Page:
News in Brief 18 November 2016 (PM)

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On 12 August 2016 internally displaced children waiting for ready-to-use therapeutic food (RUTF) distribution in Banki IDP camp, Borno state, northeast Nigeria. Photo: UNICEF/Andrew Esiebo

"Urgent support" needed to alleviate hunger in north-east Nigeria

"Without urgent support" from the international community, food insecurity faced by nearly 5 million people across north-east Nigeria "will only deepen."

That's according to the World Food Programme (WFP) and the UN Children's Fund (UNICEF), who have rolled out what they're calling a rapid response mechanism to deal with the crisis.

The worst affected areas are Borno and Yobe States, where disruption due to the extremist group Boko Haram has been most intense.

UN Deputy Spokesperson Farhan Haq said the urgent food and nutrition support would be needed well into next year.

"Food insecurity has reached an extreme level in parts of north-eastern Nigeria, where 4.6 million people are going hungry. Without urgent support, hunger will only deepen. Since August, the number of people needing urgent food assistance has increased from about 1 million to 1.8 million in Borno and Yobe States."

Turkish government using "draconian measures" to erode free speech

The Turkish government is using "draconian measures" to erode free speech and expression, according to the UN expert on the issue.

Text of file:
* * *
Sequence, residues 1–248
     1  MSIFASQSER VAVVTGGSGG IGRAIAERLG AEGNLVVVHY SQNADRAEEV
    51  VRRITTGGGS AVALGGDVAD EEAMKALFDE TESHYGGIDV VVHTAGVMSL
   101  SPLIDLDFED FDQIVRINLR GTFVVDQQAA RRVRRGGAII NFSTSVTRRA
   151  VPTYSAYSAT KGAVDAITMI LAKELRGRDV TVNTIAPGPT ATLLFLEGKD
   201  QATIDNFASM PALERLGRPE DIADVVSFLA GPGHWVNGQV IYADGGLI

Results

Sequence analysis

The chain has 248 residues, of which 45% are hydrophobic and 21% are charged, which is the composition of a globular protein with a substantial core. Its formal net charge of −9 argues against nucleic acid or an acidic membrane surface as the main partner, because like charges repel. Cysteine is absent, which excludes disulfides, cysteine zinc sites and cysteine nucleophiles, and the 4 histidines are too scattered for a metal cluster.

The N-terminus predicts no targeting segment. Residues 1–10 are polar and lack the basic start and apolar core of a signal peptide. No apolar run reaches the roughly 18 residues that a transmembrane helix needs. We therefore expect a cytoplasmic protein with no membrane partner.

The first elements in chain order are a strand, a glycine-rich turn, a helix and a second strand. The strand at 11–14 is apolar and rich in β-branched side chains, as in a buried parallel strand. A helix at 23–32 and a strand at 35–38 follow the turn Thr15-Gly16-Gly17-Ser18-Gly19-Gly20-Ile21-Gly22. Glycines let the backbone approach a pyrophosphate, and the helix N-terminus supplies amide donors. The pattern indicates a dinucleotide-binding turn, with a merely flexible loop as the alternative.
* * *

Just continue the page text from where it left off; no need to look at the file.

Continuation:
Special Rapporteur on the right to freedom of opinion and expression, David Kaye, expressed "deep concern"  that Turkey was eroding freedoms "across the board."

In a statement issued at the end of a week-long mission to the country, he said "the press, individuals online, artists, opposition voices" and others faced unprecedented pressure.

Mr Kaye added that he felt sympathy for those suffered the violent after-effects of the failed coup of 15 July.

Around 300 were killed and several thousand injured during violence which the government said was orchestrated by an exiled cleric and businessman, who lives in the United States.

Mr Kaye urged the government to reverse course on censorship and detentions and "return to protecting and promoting the rights" of Turks under the constitution and international law.

World's first malaria vaccine to be rolled out in 2018

The world's first malaria vaccine will be rolled out in pilot projects in sub-Saharan Africa beginning in 2018, the World Health Organization (WHO) has confirmed.

Director of WHO's Global Malaria Programme, Pedro Alonso, said that the "pilot deployment of this first-generation vaccine marks a milestone in the fight against malaria."

Around 3.2 billion people are at risk from malaria, and last year around 438,000 died from the mosquito-borne disease.

More details from Farhan Haq again.

"The vaccine, known as RTS,S, acts against P. falciparum, the most deadly malaria parasite globally, and the one most prevalent in Africa. Advanced clinical trials have shown RTS,S to provide partial protection against malaria in young children."

The first phase of the programme has been fully-funded and an additional commitment of around US$37 million is expected to cover the first four years.

It's been developed through a partnership between GlaxoSmithKline and the PATH Malaria Vaccine Initiative, supported by the Bill & Melinda Gates Foundation and African research centres.

Matthew Wells, United Nations.

Duration: 2’39″

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